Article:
Quiet magnificence
Beirut - The Rip Tide

I ’ll be honest - I was never that fussed with Beirut. Like many, I was drawn to ‘Gulag Orkestar’ by its forbidding title, that anonymous and curiously haunting cover photo (allegedly found in a library, photographer unknown) and the Balkan-indie tag.

And sure, it was a decent enough record, but something about it didn’t quite connect. Then ‘The Flying Cup Club’ came along and again I tried, but felt that same sense of dislocation. Like the films of Wes Anderson, Zach Condon’s music can feel cool and isolating if you don’t fully buy into it. But also like Anderson, when he snares you, he snares you good…

‘The Rip Tide’ has snared me more than all of Condon’s previous records combined. It’s not quite his pop album, but it’s certainly the one where he most expertly fuses his global influences with his now considerable song writing skills.

So, while ‘A Candle’s Fire’ opens with his familiar mariachi stylings (and, incidentally, sounds exactly like music from The Terminator), it’s immediately followed by ‘Santa Fe’, which demonstrates Condon at his most breezily charming. There’s a chance that it might be overlooked compared to some of the heavier songs that follow it. That would be a shame, as it’s actually perfect. The rest of the album is more subdued, but also more rewarding over the long haul. The title track unravels beautifully over a couple of plays and the whole album is fraught with an introspective intensity. Nowhere is that more obvious than on ‘Goshen’ - the obvious highlight here. The key lyric, “You’re on in five”, feels like a gentle encouragement - appropriate for a song that takes to the floor as a shy piano ballad, before blossoming into a multi-instrumental epic.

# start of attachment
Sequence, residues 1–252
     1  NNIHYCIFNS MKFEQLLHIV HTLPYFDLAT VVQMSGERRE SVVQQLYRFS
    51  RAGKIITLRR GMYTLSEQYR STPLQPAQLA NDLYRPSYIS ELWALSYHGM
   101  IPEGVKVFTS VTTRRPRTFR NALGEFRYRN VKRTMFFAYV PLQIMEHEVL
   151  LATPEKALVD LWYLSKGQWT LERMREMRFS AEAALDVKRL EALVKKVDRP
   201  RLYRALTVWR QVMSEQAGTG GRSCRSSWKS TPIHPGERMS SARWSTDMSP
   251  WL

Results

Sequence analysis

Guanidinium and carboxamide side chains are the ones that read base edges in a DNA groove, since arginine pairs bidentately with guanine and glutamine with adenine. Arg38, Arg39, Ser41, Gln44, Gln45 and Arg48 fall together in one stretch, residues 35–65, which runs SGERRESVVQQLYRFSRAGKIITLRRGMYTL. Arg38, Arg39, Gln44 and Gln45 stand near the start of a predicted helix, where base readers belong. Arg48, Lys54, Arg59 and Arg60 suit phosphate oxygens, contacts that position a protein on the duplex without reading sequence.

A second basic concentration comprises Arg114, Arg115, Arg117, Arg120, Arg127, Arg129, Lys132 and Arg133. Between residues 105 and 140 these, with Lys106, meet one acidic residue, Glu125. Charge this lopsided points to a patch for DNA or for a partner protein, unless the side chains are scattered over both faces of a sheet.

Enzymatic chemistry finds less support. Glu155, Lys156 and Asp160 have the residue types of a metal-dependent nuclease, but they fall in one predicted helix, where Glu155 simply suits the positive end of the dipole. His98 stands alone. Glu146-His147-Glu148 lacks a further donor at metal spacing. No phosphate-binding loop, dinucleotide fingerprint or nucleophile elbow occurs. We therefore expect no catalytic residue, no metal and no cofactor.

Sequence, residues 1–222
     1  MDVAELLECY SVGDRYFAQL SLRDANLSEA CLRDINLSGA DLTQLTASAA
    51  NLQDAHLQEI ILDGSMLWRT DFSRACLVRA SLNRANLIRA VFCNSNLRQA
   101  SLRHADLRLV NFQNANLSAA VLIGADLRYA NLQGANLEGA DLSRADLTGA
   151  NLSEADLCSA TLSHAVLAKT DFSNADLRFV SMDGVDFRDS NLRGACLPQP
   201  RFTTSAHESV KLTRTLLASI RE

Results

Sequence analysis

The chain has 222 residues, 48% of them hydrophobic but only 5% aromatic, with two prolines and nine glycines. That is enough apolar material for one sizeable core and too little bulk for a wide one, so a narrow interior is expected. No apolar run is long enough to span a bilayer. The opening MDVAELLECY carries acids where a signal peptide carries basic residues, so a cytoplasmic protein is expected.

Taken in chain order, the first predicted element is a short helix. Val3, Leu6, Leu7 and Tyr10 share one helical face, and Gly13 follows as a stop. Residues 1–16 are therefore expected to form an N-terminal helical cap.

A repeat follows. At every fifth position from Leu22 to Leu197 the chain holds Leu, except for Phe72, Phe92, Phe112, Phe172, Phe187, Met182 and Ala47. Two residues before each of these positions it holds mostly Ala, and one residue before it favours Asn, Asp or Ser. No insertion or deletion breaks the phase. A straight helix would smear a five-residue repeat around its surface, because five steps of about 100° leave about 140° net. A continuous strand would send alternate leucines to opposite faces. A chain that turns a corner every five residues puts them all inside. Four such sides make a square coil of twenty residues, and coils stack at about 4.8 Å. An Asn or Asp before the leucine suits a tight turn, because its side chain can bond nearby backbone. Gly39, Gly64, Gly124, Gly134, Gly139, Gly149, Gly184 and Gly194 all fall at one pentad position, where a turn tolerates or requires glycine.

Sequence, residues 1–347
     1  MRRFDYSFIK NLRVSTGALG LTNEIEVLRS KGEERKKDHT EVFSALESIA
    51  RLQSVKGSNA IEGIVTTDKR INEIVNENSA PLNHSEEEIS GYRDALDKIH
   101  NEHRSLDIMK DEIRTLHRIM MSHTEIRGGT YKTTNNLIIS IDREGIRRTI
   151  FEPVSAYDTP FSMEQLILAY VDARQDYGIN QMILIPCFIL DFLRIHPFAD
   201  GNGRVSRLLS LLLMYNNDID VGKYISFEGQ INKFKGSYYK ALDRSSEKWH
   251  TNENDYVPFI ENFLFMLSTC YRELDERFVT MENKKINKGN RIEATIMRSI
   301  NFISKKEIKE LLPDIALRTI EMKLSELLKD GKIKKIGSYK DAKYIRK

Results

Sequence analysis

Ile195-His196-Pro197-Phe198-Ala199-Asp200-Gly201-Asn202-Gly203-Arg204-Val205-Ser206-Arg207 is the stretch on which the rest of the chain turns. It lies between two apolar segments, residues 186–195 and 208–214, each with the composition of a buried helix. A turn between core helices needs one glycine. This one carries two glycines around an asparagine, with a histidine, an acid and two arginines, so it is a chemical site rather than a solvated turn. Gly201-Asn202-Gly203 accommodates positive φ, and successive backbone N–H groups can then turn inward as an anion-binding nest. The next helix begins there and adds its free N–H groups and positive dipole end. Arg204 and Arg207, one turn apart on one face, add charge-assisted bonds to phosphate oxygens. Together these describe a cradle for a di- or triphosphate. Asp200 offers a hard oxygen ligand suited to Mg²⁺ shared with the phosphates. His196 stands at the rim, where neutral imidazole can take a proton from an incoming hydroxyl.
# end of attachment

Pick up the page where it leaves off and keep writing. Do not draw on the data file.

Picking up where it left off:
That this is both Beirut’s deepest and most instantly enjoyable album is obvious. Condon has left the bedroom where he handcrafted ‘Gulag’ behind. He’s no longer a promising indie auteur, but the leader of a very good band. Yet, remarkably, ‘The Rip Tide’ retains the distinctiveness of those earlier records. Its quiet magnificence is destined to win over a lot of doubters.



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